One might expect me to be upset at having missed watching the game as it happened. I consider that a minor detail and in a way I'm glad I didn't watch it. The result was the most important part. I needed the result, not the tense three hours of watching it unfold. This is what makes the game of baseball so damn special in my life. On one of the saddest days I've had in recent memory, my favorite baseball team, my daily passion, somehow managed to achieve a feat they had never achieved in their entire 50-year history. A no-hitter for the New York Mets is even greater than a World Series victory in its sublime sweetness. And by some incredible cosmic coincidence, it happened when I needed it most.

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The other team I enjoy following and rooting for is, of course, the Oakland A's. While they're on the outermost fringes of contention this year, they've actually had a pretty good season. The starting rotation is a funny mix with lanky Brandon McCarthy and hefty Bartolo Colon leading the charge backed by a mix of highly effective youngsters. The overall offensive attack has been pitiful (last or near last in runs, on-base percentage, and slugging) and yet they've got more productive hitters in the lineup right now than they've had in a long time (Seth Smith, Yoenis Cespedes, Josh Reddick, and Jonny Gomes are all above-average hitters this year and recent scrap heap pickup Brandon Moss is crushing the ball).

The website Grantland, an enviously abundant nest of quality writing, recently featured an excellent piece on these Oakland A's and their season thus far now that the glow of Moneyball's cinematic success is mostly faded. As Evan Hughes writes, the A's frequently feature a squad of no-names and yet:
[Billy] Beane has a plan, whether it makes sense to fans or not, and he is putting a charming and unpredictable crew on the field. Neither their approach nor their performance bears much resemblance to the A's of the Moneyball years, but Beane's thinking remains much the same. While hoping for a new stadium and angling to build a contender, he is trying to make the best of what he's got, just like the players. After a spate of injuries and an awful stretch in late May, the A's are a long shot to make the playoffs this season, to put it generously, but it's fun to watch them try.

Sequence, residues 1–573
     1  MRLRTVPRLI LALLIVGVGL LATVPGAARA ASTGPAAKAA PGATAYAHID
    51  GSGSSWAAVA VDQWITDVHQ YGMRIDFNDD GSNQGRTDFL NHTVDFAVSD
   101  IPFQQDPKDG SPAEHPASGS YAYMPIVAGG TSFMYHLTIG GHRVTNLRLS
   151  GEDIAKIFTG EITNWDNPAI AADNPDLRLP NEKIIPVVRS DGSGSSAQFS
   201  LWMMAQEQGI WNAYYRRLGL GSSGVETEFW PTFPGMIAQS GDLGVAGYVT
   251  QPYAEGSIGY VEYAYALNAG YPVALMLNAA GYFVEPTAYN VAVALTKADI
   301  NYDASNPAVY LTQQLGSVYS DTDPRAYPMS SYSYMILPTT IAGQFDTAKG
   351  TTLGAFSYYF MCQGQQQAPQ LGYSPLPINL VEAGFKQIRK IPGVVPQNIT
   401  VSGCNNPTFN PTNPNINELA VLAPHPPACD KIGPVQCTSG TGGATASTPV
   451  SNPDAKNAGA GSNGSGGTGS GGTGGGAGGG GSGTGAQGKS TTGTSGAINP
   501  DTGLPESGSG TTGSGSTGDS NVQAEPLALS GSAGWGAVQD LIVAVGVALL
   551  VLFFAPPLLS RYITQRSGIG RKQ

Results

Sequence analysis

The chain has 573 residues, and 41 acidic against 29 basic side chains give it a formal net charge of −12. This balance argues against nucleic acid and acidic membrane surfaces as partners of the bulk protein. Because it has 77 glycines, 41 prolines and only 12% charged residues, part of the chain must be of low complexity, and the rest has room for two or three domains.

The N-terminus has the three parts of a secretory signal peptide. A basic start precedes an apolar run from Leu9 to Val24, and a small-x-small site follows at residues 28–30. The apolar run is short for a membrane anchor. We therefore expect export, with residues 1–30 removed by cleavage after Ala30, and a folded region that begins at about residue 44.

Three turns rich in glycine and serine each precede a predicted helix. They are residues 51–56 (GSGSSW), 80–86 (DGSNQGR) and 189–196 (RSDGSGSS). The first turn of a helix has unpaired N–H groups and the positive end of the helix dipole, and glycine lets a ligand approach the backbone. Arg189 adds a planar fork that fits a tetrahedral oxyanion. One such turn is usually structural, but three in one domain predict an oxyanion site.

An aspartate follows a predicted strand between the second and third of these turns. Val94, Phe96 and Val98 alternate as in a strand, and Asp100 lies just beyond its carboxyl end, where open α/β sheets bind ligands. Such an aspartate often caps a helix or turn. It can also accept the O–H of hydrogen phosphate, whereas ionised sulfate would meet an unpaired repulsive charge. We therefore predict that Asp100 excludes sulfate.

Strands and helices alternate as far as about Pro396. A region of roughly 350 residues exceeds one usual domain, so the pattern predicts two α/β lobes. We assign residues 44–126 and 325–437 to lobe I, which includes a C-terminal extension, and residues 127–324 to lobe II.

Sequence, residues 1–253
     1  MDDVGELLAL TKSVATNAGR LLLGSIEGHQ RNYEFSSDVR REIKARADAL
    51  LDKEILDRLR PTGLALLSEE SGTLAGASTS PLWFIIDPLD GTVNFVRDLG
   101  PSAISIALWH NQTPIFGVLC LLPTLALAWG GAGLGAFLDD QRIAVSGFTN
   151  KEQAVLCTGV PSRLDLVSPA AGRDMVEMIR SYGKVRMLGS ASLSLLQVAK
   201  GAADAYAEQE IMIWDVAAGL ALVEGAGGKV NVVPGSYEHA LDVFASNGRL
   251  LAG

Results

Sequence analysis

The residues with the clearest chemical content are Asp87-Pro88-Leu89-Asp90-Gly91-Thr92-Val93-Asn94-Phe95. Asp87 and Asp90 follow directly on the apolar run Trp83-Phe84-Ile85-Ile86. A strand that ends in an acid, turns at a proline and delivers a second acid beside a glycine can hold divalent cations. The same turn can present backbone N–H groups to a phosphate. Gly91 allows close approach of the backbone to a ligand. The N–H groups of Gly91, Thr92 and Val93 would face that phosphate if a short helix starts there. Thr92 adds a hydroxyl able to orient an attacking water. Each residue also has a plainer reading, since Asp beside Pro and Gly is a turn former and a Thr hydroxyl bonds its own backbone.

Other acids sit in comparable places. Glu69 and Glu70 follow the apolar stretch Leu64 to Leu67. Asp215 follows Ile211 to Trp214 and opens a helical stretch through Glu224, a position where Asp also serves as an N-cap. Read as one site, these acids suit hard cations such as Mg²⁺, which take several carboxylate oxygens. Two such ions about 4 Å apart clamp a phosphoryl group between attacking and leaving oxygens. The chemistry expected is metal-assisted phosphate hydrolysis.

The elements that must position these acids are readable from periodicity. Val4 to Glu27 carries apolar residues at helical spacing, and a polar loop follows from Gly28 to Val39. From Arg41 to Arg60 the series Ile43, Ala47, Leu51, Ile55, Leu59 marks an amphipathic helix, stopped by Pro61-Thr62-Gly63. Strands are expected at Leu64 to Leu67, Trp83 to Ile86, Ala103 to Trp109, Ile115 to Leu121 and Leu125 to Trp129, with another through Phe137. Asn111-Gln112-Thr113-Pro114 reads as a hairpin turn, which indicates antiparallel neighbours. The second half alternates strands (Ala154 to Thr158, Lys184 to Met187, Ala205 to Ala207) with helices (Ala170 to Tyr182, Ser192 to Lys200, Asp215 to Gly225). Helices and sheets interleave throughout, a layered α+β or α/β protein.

I've watched the A's closely for almost ten years now (the initial publication of Michael Lewis' book Moneyball is what drew me to follow the green-and-gold) and while they had a couple good years in that span, this has been one of their most fun seasons in a while. Mainly because nobody expected much from them and yet here they are staying somewhat competitive with a surprising stack of contributors.

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During the weeks leading up the season opener, I wrote pieces on the Mets and A's trying to see their 2012 chances through the lens of optimism. A piece was planned for my other favorite team, the Padres, in which I was going to argue that they had the best chance of all three to compete.

Well, the Padres have done nothing but suck this year. They're 17 games out of first place and have the second-worst run differential in the sport. Thankfully, I didn't take the time to write how good I expected them to be.

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Lastly, as a lifelong fan of Bill Murray (as early as I could talk, I wanted to be Peter Venkman) I must share this video of his acceptance speech upon being inducted into the Hall of Fame for the South Atlantic League.